Roosevelt University senior Danielle Smith will make school history Friday as the first student ever to deliver a commencement address at a university graduation ceremony.
The 21-year-old special education major was chosen unanimously out of nine other nominees after submitting a 1,000-word essay about how Roosevelt has influenced her since she first moved to Chicago from her hometown of Mokena as a freshman.
"Roosevelt has made me a more well-rounded and informed person," Smith wrote in her essay. "I feel like I look at the world with such an open mind, and now when I see a problem, I look at it as my responsibility, not as 'oh that's someone else's job.'"
Assistant political science professor David Faris originally proposed having a student speak at commencement. Graduation ceremonies at his alma mater, Drew University in New Jersey, featured both a professional and a student speaker.
"It really gave the students some buy-in for the graduation as a ceremony, rather than feeling like it was just this thing they were dragging their family to," Faris said. "It meant a lot to us as students to have someone up there who have shared some of the same experiences and the same professors."
Elizabeth Choporis, director for student involvement at Roosevelt, said Smith's excellent public speaking skills and enthusiasm made nominating her for the opportunity a no-brainer. "Her love for Roosevelt is just constantly shining through everything that she does," Choporis said. "Hers was the first name that came to mind."
During her time at Roosevelt, Smith has worked as a student orientation leader, an athletic peer mentor, and an aide to the disabilities coordinator in Roosevelt's Academic Success Center, all while serving as captain of the women's tennis team. Despite her hectic schedule, she made the dean's list every semester. She was also a member of Roosevelt's Franklin Honors Society for academic excellence and received the University's Torch Award for Student Service.
Smith was excited when she learned she had been nominated to give the speech, but said she didn't initially realize just how significant an opportunity it was.
"I didn't know that I would be the first student to ever do this," Smith said. "I just thought, 'This would be cool.' Now everybody is telling me what a big deal it is."
She said her commencement address is inspired by the quote, "When you reach the end of your rope, tie a knot in it and hold on," which has been attributed to both Thomas Jefferson and Franklin D. Roosevelt. The quote applies not only to the message she wants to share with her graduating class but to some of the struggles she experienced during college.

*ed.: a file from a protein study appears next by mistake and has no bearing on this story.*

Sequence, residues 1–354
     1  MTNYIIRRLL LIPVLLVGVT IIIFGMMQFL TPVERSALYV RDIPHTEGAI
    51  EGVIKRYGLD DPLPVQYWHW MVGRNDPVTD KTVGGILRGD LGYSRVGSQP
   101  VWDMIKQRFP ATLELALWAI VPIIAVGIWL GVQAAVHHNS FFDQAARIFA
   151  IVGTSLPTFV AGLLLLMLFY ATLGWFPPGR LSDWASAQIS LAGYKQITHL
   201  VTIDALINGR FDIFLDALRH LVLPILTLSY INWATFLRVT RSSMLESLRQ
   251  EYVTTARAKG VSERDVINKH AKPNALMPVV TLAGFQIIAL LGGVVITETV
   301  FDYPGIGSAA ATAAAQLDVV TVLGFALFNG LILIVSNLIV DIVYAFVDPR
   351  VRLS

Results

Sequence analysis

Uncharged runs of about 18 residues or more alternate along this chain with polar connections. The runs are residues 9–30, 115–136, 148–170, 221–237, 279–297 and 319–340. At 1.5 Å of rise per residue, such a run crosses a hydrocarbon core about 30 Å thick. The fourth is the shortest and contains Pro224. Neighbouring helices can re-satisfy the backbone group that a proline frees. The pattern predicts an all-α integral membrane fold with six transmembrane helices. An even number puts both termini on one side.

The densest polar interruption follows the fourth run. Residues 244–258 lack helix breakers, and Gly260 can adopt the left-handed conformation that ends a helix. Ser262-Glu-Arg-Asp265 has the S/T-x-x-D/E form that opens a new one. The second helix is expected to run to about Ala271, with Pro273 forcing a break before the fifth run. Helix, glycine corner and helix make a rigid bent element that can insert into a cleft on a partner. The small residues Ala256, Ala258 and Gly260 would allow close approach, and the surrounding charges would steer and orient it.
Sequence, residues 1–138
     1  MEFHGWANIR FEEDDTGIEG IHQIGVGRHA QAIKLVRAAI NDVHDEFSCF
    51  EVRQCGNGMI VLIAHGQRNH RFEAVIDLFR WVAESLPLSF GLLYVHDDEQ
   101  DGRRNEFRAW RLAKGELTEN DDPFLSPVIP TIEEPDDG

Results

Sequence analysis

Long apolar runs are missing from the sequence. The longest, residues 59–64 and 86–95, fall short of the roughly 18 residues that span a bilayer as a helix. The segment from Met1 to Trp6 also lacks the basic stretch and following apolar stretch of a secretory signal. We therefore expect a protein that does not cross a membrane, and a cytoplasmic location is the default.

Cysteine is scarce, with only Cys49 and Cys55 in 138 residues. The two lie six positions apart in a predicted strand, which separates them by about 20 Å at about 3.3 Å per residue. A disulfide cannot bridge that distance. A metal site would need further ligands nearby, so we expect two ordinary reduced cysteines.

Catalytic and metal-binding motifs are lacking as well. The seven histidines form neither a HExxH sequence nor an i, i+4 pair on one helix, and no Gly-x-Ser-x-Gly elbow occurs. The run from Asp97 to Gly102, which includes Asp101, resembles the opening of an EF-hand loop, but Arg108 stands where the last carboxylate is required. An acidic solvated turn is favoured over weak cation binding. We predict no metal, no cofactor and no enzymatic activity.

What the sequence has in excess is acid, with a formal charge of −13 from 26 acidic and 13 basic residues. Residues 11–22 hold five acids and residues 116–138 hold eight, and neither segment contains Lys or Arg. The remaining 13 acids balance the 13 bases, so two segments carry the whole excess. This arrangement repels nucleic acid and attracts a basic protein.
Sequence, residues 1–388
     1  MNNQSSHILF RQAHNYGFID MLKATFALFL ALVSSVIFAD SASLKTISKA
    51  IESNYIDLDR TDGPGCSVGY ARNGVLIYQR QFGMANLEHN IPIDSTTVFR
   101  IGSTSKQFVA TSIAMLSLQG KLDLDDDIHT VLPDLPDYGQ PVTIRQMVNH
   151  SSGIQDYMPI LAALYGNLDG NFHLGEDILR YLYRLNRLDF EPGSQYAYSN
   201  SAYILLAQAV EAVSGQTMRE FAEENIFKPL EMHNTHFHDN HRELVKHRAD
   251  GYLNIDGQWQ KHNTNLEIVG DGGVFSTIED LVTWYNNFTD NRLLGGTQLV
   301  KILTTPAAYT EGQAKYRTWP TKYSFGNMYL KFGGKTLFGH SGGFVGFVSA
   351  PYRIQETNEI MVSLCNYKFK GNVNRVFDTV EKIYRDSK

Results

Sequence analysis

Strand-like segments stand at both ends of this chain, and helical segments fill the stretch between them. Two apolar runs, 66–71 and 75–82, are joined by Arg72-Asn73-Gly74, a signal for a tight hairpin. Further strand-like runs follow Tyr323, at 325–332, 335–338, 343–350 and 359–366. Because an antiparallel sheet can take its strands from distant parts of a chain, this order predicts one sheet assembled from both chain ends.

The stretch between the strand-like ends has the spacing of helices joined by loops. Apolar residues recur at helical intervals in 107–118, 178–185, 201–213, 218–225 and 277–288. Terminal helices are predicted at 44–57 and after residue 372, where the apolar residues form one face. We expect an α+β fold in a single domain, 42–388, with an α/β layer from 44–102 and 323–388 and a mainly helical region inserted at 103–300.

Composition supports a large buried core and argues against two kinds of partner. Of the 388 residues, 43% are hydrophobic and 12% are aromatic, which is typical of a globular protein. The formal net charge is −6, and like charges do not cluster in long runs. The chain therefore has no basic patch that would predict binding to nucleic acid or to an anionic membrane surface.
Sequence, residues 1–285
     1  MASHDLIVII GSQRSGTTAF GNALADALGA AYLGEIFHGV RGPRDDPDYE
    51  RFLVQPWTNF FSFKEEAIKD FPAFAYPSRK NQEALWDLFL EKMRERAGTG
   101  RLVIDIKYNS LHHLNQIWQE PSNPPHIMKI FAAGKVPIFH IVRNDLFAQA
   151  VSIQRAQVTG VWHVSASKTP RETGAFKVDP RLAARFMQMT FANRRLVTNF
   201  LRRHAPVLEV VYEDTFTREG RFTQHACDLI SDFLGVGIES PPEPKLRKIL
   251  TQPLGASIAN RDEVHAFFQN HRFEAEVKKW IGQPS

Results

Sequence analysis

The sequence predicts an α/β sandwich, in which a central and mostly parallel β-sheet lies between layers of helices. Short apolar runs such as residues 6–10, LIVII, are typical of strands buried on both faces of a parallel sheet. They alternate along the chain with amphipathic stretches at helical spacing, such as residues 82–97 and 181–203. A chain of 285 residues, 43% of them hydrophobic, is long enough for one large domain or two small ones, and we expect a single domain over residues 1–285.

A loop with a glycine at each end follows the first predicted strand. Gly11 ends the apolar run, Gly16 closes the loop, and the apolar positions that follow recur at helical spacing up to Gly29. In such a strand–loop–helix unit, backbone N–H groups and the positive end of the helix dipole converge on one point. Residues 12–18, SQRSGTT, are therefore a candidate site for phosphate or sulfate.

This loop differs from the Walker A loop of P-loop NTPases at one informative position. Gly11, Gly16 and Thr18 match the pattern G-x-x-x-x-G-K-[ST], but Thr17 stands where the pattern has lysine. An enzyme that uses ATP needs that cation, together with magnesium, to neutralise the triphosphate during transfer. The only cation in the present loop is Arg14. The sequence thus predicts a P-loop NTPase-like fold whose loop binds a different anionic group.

Smith briefly considered leaving Roosevelt for another school because she was thinking about teaching Spanish and the university doesn't offer a Spanish major. It was a dinner with her fellow student orientation leaders that changed her mind.
"Half of them said that at one point they considered leaving, too, but they were so glad they didn't," Smith said. "So I thought, 'Why don't I just stick it out?' I'm really happy I did."
Things turned around pretty quickly after that—she got her job as an aide to the disabilities coordinator, which only made her more confident in her decision to switch to special education. This past summer she was named head orientation leader and helped organize the brand new orientation program. She also developed an enthusiasm for Roosevelt's core mission of social justice.
"Before I came to Roosevelt, I didn't know it was a school for social justice. I don't think I even knew what that really meant before I started here," she said. "And now I'm obsessed with it."
That passion for social justice is something she hopes to continue spreading as a special education teacher after graduation. Smith—whose former professor Margaret Policastro said will be "a principal's dream come true wherever she lands a job"—is determined to teach in Chicago Public Schools after graduation.
"I could come back home and teach in the suburbs, but I've only applied to Chicago Public Schools. I haven't applied anywhere else," she said. "I want to show people who haven't had the same chances that I had that there's still a chance for them out there."
"Some people have asked me if I'm sure I want to teach in Chicago because of how difficult it can be," Smith added. "But I like a challenge."
Erin Vogel is a RedEye special contributor.
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